Saturday, February 1, 2020

Introduction to operations and supply chain management Case Study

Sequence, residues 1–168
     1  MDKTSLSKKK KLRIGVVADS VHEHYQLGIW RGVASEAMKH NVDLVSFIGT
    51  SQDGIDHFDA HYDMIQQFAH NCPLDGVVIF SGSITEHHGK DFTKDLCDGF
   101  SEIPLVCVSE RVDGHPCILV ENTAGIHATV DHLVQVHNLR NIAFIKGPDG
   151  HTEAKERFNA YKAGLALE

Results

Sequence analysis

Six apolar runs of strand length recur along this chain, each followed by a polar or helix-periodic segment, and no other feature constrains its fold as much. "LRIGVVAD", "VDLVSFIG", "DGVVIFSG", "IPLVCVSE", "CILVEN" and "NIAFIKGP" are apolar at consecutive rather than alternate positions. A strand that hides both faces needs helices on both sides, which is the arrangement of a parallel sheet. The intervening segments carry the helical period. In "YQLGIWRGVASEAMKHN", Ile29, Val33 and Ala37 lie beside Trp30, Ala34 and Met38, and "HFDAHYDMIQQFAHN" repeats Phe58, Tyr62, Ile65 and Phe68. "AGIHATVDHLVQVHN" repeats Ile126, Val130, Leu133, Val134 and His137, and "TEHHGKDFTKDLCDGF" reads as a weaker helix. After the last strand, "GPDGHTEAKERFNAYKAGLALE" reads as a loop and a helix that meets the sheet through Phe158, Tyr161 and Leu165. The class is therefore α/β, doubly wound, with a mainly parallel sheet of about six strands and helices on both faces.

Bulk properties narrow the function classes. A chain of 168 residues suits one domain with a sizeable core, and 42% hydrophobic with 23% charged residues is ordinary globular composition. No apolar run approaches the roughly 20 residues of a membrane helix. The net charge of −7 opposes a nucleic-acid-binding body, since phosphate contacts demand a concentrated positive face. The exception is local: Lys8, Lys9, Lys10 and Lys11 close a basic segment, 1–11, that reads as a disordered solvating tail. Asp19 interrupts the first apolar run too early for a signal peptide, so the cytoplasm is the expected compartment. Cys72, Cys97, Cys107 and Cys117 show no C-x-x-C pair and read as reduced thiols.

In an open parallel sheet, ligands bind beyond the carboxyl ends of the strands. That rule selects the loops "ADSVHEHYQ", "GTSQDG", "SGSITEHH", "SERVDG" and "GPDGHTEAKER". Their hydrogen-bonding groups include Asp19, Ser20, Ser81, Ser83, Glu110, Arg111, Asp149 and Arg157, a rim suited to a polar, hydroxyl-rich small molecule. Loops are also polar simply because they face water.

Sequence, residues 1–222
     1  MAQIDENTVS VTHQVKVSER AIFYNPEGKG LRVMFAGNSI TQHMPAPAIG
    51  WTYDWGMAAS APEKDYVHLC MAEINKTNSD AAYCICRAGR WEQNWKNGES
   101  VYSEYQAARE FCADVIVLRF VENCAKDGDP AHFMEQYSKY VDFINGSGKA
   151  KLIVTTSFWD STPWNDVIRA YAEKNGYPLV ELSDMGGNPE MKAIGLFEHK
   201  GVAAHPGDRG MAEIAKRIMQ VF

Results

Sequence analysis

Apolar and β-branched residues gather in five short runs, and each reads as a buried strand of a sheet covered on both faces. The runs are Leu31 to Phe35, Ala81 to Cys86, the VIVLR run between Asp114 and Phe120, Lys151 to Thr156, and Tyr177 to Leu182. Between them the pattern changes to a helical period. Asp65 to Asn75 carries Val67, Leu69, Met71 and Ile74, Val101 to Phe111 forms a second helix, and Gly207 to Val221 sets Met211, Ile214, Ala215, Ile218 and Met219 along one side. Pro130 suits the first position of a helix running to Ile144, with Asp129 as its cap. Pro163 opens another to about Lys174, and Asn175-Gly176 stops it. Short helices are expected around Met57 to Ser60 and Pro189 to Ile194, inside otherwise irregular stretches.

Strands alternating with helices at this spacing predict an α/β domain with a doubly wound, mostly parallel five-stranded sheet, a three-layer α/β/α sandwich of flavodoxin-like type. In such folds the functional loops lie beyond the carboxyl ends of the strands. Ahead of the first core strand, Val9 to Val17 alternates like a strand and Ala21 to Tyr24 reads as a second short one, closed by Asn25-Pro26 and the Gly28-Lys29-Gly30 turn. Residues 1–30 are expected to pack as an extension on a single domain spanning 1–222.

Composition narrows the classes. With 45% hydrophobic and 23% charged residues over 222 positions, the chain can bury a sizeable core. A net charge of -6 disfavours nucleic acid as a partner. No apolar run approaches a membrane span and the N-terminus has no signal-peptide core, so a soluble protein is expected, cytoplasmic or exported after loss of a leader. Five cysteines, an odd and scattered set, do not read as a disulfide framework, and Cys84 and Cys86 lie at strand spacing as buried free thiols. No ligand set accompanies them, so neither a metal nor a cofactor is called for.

Introduction to operations and supply chain management - Case Study Example s by having electronics products that would otherwise pose health risks in landfills, being taken back to the factory to leave the lands free for other economic activities (Partridge, 2010). Thirdly, the specific consumers usually benefit from better, more functional electronic products by replacing their outdated versions with new ones. Finally, by absorbing the waste plastics and circuit boards of dysfunctional products, Samsung is technically saving the relevant governments of resources which would otherwise be used to maintain an eco-friendly environment (Partridge, 2010). This implies the electronics manufacturer has technically eliminated the need for governments in charge of its markets to create awareness on the need for environmental conservation and or to set up waste recycling plants such as plastic incinerators. According to Partridge (2010), building sustainable supply chains differs from good business practices because the former is more comprehensive. Sustainable supply chains involves incorporating ecologically and financially worthwhile practices in the core of supply chain processes, from R&D stages, to raw material selection, to production, packaging, haulage, storage, delivery, consumption and disposal. In contrast, good business practices are rather secondary to the production and supply of products. Samsung would still have implemented the Take Back and Recycling programs in markets where there are limited regulations, as a way of capping costs of production and keeping in pace with rapidly evolving technologies in the electronics industry. As Partridge (2010) noted, technology and electronic products are normally affected the most by rapid development of more sophisticated gadgetry. Constant evolution of technologies would have pushed Samsung into adopting Take Back and Recycling program on the basis of keeping the cost of production and distribution considering that procuring new supplies is usually costlier. The same case applies to

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